Being a Landlord can be hugely lucrative, especially if you find a great property and a great tenant to occupy it. However, being a Landlord is about a lot more than just getting that attractive yield percentage.
Now, there are lots of rules and regulations modern Landlords have to understand and abide by, many of which fall under the ‘fire safety’ category.
Here at Twenty-4, we are proud to be working with a long list of HMO Landlords across the South Wales region, supplying a range of fire safety and security services to them and their rental properties. This is why we have such a strong grasp on the overriding laws HMO landlords need to be aware of.
So, if you are looking to purchase an HMO, have become an accidental landlord or have inherited an HMO, being aware of your fire safety requirements is a must! Below, we give a brief introduction to what a House in Multiple Occupation (HMO) requires by law.
Fire risk assessments
Under the Housing Act, 2004 and the Regulatory Reform (Fire Safety) Order 2005, HMOs are required to undertake regular fire risk assessments. These assessments identify and reduce the risks posed to tenants living in your HMO.
The assessment needs to evaluate the fire risks and come up with ways to reduce them. For instance, does the property have a very old gas cooker? If so, would it reduce the probability of a fire starting if it was replaced?
Your risk assessment will also need to identify who is at risk. For instance, are there children or someone with a physical disability living at the property who will be more at risk than others?
Where your average Landlord is not obliged to conduct PAT tests by law, for HMO Landlords, they are.
PAT testing refers to the process of checking electrical appliances to ensure they are safe for use. This includes ‘portable’ items such as washing machines and electric cookers. The test includes both visual checks as well as polarity and earth loop tests.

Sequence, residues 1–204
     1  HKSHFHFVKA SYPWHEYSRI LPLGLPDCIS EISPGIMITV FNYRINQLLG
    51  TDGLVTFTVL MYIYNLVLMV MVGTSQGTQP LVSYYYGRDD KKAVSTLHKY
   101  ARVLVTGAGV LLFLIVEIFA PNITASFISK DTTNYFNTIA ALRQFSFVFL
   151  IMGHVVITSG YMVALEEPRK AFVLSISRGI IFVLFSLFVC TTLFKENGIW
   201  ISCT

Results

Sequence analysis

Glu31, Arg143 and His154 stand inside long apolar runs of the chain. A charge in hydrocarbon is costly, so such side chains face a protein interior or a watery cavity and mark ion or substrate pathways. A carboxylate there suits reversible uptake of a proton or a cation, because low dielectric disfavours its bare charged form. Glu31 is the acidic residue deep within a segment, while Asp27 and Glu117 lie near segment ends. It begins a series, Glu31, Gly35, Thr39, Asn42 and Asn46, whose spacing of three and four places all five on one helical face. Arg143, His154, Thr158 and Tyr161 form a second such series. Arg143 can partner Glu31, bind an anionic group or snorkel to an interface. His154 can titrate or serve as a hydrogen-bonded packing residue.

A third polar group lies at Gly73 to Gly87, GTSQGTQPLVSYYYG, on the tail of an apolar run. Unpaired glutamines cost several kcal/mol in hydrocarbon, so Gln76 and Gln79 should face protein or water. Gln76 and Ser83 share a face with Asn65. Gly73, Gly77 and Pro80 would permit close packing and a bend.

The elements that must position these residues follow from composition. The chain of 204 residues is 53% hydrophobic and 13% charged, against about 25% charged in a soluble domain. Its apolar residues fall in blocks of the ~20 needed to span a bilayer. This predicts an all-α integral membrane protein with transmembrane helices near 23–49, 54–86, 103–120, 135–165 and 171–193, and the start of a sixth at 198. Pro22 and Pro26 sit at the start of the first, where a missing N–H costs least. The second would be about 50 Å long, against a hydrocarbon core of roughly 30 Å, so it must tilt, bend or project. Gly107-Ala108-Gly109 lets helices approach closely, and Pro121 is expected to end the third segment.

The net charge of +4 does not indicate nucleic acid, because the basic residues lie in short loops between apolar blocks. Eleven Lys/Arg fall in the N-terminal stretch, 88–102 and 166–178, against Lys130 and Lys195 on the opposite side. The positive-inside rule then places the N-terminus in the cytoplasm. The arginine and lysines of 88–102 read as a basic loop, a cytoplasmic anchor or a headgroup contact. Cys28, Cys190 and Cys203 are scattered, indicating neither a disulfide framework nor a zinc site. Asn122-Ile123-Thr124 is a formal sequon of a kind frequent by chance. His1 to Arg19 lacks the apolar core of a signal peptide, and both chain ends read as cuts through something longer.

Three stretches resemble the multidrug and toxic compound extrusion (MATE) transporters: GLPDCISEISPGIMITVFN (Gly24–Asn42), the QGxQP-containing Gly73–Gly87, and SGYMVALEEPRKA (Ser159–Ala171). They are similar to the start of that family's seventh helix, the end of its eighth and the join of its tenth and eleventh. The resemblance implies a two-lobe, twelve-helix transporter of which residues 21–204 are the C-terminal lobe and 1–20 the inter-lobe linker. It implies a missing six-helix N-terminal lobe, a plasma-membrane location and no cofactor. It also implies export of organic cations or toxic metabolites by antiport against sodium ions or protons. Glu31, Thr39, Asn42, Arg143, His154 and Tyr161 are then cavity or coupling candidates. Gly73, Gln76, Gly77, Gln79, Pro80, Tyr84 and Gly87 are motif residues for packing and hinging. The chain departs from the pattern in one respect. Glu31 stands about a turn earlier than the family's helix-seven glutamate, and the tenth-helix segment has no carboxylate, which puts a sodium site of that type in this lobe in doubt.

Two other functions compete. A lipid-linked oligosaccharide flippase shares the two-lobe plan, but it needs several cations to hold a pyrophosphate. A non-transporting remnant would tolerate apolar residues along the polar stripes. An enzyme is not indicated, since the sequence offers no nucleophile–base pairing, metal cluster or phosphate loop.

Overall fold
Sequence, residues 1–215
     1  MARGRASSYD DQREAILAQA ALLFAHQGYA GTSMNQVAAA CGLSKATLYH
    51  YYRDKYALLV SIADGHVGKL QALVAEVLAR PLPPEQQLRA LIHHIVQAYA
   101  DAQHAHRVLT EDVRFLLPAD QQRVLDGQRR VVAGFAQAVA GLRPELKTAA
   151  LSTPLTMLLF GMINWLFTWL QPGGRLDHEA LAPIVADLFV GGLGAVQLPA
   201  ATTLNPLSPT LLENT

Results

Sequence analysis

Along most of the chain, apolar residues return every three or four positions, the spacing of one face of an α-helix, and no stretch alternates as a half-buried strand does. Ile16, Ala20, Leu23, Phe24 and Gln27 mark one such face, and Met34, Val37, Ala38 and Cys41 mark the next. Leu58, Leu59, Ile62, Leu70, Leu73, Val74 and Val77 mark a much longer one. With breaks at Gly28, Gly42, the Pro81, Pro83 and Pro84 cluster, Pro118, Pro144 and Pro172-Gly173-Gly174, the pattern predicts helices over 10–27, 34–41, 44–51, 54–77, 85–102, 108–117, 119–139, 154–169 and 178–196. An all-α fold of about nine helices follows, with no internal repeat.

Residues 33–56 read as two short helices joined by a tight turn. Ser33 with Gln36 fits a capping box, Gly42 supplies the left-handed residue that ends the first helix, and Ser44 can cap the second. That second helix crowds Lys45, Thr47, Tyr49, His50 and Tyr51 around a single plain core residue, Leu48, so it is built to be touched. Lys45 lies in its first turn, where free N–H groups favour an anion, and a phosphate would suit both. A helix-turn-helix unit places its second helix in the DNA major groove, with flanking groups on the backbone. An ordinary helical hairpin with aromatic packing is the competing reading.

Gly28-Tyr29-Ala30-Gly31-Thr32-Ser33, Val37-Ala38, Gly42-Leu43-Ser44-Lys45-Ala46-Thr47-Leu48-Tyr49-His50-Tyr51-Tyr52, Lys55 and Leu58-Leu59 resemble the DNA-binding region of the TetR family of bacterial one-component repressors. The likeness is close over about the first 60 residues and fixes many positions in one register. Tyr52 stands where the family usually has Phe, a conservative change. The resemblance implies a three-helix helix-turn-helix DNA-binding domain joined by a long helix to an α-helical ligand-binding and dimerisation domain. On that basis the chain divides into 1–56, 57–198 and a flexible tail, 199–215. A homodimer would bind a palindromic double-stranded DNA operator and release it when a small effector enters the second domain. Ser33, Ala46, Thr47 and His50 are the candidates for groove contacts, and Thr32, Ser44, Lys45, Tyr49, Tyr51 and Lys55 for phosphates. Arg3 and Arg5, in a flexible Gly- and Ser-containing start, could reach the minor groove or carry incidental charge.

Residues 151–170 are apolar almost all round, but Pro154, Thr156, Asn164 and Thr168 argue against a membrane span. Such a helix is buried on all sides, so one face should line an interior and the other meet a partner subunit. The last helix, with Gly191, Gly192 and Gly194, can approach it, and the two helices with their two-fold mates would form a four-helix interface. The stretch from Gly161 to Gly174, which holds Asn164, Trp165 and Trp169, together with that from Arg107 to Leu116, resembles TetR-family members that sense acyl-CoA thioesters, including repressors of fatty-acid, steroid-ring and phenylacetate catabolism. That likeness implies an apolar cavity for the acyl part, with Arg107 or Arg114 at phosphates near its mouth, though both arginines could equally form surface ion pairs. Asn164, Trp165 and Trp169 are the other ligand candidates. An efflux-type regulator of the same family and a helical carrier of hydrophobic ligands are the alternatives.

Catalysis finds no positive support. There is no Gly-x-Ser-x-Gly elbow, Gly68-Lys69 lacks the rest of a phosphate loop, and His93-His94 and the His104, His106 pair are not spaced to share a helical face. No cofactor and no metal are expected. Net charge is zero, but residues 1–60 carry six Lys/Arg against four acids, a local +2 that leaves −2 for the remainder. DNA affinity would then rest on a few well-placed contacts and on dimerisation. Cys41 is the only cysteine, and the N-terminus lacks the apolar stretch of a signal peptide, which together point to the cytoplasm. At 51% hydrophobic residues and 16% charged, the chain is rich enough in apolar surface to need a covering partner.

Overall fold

In HMOs and buildings containing flats, simple multi-purpose extinguishers are needed. These are needed in the common areas of each floor. But, it is important that as a Landlord you don’t just install extinguishers and forget about them. By law, fire extinguishers should be maintained annually to BS 5306-3 standards.
Fire doors are essential for HMOs. The rule is that all escape routes should be protected and the best way to achieve this is through the installation of fire doors. Generally, Landlords need to install Fire Doors to rooms leading off the fire escape route. Providing 30 minutes of fire protection from the rooms leading off it, fire doors can go a long way in protecting both your tenant as well as your property.
Fire alarms are a requirement for every property in England and Wales. For HMOs, the fire alarm will need to be able to wake those sleeping and alert them that there is a fire outbreak. Regulations state that the detection system used in HMOs need to be under BS5839 part 6. Grade A and Grade D systems are advised.
Are you an HMO Landlord in need of fire safety support? If so, contact us today!